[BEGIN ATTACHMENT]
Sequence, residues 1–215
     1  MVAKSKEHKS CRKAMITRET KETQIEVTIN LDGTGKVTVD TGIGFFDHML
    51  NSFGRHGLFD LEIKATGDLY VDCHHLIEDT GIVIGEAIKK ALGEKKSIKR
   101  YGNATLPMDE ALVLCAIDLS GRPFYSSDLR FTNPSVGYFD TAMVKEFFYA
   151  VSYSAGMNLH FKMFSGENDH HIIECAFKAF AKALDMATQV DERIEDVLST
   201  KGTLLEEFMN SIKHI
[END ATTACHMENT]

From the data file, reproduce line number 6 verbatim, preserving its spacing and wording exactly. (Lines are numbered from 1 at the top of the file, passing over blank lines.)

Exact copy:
   201  KGTLLEEFMN SIKHI